As a “fault” car insurance state, North Carolina adheres to the philosophy that the at-fault party and/or his insurer will ultimately be responsible for paying the damages. Injured parties might initially file a claim with their own insurer, but that insurer will then seek reimbursement from the other party’s insurance.
The process can become a bit more complicated when the at-fault party has no insurance. In these cases, injured drivers may seek compensation from the uninsured/underinsured motorist coverage in their own policies, assuming they have paid for them. (North Carolina requires all drivers to carry uninsured motorist coverage, while underinsured motorist coverage may only be required if you carry minimum coverage on your base policy.)
Charlotte car accident lawyers recognize that when claims aren’t made in a timely or proper manner, injured drivers and passengers may lose out on the opportunity to collect compensation. This was the unfortunate outcome for the plaintiffs in Davis v. Urquiza, a matter recently before the North Carolina Court of Appeals.
According to court records, the case unfolded in mid-July 2009. A teenager was a passenger in a vehicle that was struck by another vehicle, operated by the defendant. On May 31, 2012, the teen and her parents filed a lawsuit against the defendant, seeking compensation for personal injuries resulting from the crash. This was just barely inside the three-year statute of limitations window.
The defendant in this case was an uninsured motorist. The plaintiffs contended that the North Carolina Farm Bureau Mutual Insurance Company was responsible for providing uninsured motorist coverage to them, per N.C. Gen. Stat. § 20-279.21(b)(3). They further contended that National Grange Insurance Company should provide them with uninsured motorist coverage as well.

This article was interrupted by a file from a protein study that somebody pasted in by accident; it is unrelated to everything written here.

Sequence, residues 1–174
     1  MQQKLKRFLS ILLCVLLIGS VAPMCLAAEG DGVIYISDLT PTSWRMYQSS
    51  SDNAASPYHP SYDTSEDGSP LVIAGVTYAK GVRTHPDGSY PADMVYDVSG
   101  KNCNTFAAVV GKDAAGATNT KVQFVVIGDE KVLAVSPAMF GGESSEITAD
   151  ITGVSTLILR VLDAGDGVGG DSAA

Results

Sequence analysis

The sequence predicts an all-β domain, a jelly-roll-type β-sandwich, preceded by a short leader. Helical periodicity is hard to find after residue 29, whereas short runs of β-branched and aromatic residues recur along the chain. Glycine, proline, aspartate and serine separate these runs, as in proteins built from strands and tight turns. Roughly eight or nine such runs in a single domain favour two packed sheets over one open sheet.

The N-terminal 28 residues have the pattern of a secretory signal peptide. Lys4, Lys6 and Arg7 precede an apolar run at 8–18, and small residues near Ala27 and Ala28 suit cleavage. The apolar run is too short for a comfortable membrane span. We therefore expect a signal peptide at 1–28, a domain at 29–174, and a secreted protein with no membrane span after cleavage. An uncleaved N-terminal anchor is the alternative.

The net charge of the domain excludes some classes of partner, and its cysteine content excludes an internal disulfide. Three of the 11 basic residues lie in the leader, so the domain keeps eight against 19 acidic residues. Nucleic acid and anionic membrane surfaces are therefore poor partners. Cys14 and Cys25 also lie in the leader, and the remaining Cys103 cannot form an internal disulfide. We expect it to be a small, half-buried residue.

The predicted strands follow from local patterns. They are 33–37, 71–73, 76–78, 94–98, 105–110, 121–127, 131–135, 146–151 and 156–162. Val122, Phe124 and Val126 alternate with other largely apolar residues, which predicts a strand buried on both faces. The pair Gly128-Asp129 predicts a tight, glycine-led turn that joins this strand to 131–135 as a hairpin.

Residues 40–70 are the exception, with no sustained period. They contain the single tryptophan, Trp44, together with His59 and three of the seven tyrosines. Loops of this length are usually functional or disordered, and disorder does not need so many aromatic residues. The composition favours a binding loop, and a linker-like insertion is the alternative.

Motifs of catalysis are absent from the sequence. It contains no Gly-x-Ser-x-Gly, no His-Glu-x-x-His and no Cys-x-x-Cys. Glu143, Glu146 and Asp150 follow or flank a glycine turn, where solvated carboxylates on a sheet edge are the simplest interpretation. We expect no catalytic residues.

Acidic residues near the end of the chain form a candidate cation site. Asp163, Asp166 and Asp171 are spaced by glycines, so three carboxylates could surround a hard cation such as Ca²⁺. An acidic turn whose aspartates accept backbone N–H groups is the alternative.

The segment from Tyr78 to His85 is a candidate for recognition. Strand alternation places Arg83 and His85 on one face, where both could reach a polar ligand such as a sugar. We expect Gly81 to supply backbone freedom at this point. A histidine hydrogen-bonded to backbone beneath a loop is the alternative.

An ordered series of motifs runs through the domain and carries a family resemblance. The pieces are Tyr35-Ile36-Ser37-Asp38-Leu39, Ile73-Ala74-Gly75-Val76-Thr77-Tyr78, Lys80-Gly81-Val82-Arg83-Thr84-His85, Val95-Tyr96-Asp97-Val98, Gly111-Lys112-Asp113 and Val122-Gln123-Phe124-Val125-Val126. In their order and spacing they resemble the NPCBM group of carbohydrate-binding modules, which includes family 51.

In early June, the plaintiff’s attorney mailed a copy of the summons and complaint to a claims adjuster at the Farm Bureau by certified mail. The agency responded with defenses that included insufficiency of process and service, as well as the claim being filed outside the statute of limitations. The agency claimed the notice was sent to a person who was not and had never been an officer or managing agent of the firm. Rather, he was a claims adjuster. Representatives filed a motion to dismiss.
Another notice was sent to the agency’s commissioner, but that wasn’t received until January 2013.
In March, the trial court granted the defense motion to dismiss the claim with prejudice, giving merit to the defense’s claim.
The North Carolina Court of Appeals affirmed.
The justices indicated that mere notice is not sufficient. Defendant insurance firms have to be formally served with process. There are a number of ways in which this can be done, including delivery of the summons directly to an officer, director or managing agent. The plaintiff failed in this regard, as the complaint was sent to the wrong person.
By the time the plaintiff did send proper notice to the correct individual, the statute of limitations had already passed, the justices determined.
These are the kind of technical mistakes that plaintiffs can avoid by choosing to hire an attorney with experience.
Contact the North Carolina injury lawyers at the Lee Law Offices in Charlotte by calling 800-887-1965.
Davis v. Urquiza, April 15, 2014, North Carolina Court of Appeals
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Dram Shop Verdict in Favor of Plaintiff Overturned on Technicality, May 29, 2014, Charlotte Car Accident Lawyer Blog